William & Mary

W&M works with community to honor Kimball contracts

  • Kimball Theatre:
    Kimball Theatre:  The Kimball Theatre has proven a useful venue for many of the university‚Äôs formal and informal events over the years.  Photo by Erin Zagursky
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William & Mary’s new lease on the Kimball Theatre goes into effect today, and the calendar is already filling with events.

The first, a Shakespearean theatre performance by the Traveling Players Ensemble, is scheduled to take place Aug. 8. Other groups that have confirmed upcoming events at the Kimball include the Williamsburg Symphony Orchestra, Opera in Williamsburg, James City County Rotary, Institute for Dance, Williamsburg Classic Swing Orchestra, the Blind & Dirty Band, Don Irwin, the W&M Botetourt Chamber Singers and Good Shot Judy.

William & Mary announced July 18 the decision to lease the Kimball from the Colonial Williamsburg Foundation for three-and-a-half years with options for annual renewals. In the two weeks since the signing of the lease, the university has made the successful transfer of the theatre a priority.

“This space provides us interim instructional and performance space while Phi Beta Kappa Hall renovations are underway,” said Sam Jones, senior vice president for finance and administration, adding the university’s intent is not to determine or limit the long-term use of the Kimball Theatre. “The lease period provides time for the community to develop a long-term plan for the theatre’s viability.”

For years, both community and W&M groups have relied on the space for performances, film festivals and other events. For example, the Department of Music has depended on the Kimball for mid-term and final concerts for several of its credit-bearing classes along with other special events, including portions of the Ewell Concert Series, student recitals and performances by artists-in-residence.

William & Mary is planning an extensive renovation of Phi Beta Kappa Hall beginning in the summer of 2018. While the university is still developing plans for the use of Kimball during that time and looking to balance community and W&M needs, the venue will be used for theatre instruction and performances during the renovation of PBK.

Currently, there are no plans for the Kimball to be operated as a movie theatre, but special events held there – such as film festivals – may include screenings.

Mariellynn Maurer, director of Conference Services, has been reaching out to groups who had signed contracts or confirmed dates through Colonial Williamsburg for the use of the theatre before it was announced July 6 that it would be closing. Maurer said that she and her colleagues in Conference Services have been able to honor all of those previous commitments and are in the process of generating new contracts with each of the groups.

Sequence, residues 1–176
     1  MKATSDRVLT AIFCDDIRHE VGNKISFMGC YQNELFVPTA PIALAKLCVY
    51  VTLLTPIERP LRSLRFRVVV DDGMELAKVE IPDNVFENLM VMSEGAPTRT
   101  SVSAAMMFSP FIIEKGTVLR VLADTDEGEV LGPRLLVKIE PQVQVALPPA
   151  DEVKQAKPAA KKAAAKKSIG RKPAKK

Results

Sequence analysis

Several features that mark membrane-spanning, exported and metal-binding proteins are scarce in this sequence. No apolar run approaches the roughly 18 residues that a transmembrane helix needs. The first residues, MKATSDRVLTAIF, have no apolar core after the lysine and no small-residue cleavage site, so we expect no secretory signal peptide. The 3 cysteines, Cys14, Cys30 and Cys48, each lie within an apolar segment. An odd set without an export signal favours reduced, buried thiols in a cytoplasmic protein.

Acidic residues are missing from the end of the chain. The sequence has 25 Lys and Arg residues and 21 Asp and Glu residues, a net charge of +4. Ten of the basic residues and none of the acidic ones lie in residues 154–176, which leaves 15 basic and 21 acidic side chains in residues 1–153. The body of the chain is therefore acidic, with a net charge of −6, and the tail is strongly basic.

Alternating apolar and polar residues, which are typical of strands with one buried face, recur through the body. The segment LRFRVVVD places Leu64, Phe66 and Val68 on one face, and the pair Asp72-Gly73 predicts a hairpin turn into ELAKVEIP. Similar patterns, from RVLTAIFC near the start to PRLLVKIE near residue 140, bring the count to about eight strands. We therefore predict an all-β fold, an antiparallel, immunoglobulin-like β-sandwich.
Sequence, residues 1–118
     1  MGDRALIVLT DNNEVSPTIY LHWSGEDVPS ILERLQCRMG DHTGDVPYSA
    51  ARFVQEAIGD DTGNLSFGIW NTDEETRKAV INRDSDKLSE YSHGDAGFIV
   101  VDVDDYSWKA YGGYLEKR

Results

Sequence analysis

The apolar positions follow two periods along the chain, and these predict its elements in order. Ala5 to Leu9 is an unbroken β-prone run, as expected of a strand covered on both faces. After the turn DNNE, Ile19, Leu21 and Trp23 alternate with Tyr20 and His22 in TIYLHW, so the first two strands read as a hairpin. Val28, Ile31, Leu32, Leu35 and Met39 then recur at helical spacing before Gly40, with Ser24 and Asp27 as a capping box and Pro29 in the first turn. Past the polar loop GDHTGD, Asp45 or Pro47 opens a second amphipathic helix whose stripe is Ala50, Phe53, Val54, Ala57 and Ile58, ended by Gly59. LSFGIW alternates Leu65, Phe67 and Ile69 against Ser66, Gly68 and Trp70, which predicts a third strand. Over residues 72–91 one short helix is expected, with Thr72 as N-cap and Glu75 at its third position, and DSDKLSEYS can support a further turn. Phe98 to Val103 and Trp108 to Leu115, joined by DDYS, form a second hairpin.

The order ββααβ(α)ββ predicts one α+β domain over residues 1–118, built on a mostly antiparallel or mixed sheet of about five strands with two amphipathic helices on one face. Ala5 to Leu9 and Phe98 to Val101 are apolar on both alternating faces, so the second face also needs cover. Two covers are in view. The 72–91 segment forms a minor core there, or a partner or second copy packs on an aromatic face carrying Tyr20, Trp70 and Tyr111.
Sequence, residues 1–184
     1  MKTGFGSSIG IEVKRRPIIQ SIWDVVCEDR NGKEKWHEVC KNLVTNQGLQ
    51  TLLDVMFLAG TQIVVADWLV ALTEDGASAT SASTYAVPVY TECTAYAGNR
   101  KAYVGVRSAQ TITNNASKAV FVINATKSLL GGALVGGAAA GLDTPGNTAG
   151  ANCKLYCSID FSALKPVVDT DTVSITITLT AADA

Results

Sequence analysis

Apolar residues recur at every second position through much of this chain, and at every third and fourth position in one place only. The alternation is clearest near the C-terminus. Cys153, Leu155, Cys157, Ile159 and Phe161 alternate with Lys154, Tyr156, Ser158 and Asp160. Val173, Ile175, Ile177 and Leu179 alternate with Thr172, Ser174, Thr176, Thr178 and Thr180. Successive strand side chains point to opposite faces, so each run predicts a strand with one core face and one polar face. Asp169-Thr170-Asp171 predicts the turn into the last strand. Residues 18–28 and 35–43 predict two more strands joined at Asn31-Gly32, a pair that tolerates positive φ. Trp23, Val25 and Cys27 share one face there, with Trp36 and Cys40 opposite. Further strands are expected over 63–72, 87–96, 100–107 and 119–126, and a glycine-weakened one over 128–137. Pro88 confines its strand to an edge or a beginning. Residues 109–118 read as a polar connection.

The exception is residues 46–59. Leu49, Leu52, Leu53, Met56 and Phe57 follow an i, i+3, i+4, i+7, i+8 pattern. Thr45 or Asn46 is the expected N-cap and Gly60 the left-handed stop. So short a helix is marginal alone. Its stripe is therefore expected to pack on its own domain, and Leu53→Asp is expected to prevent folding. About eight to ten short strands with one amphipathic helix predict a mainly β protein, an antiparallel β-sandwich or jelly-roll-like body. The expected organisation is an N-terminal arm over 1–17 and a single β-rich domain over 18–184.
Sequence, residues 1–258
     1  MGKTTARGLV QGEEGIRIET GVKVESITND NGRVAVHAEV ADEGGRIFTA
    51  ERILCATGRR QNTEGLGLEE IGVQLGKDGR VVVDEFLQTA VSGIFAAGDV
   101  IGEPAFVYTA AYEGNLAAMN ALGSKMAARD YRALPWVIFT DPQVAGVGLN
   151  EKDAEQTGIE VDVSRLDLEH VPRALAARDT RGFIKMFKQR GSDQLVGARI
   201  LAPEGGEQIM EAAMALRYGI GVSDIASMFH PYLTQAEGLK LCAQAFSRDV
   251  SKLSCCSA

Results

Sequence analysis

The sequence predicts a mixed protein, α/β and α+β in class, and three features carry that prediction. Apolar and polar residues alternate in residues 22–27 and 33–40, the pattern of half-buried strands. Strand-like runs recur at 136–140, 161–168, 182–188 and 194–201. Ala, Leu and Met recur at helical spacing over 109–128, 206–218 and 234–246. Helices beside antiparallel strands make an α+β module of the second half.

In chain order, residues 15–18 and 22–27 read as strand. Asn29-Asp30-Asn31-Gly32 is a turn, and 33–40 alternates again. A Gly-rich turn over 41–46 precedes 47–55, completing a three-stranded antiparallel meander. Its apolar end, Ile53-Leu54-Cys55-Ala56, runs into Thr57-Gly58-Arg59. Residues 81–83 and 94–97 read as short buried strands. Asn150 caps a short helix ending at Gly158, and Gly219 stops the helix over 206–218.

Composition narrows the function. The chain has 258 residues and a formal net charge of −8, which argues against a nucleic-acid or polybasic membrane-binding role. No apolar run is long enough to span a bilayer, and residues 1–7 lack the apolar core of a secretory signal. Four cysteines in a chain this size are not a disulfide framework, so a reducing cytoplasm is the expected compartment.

“We wanted to pick up where Colonial Williamsburg left off and keep moving forward,” she said. “Right now, the focus is on getting it open and bringing back groups that have traditionally performed there.

“The folio of users includes such a wide range of people, from a lecturer to a vocal performer to a full orchestra to a youth orchestra … and every group needs something a little different, so as we begin to learn the groups and what they need, the Kimball unfolds itself to us a little more and we’re able to see some additional things we need to consider.”

Some of the operational aspects of the theatre are still being settled, such as the use of concessions, ushers and the box office.

Upcoming event information, ticketing and facility rental details are outlined on the newly launched kimball.wm.edu. Final arrangements for the box office are still pending, but patrons may purchase tickets online or directly from groups who opt to sell tickets themselves elsewhere or at the door.

The Kimball Theatre Facebook page has also been relaunched and is being closely monitored to assist with questions and inquiries.

Although Maurer has been active in the community for years, working on the new lease for the Kimball has given her a greater appreciation for the theatre and the community’s many connections to it.

“It’s just a reminder of how a community is knit together,” Maurer said. “It’s been really fun for me to see that unfolding and to have people call and share not just their memories but their relationships to the theatre. Maybe they don’t perform there annually, but everybody has a story that links them in some way or shape to Kimball.”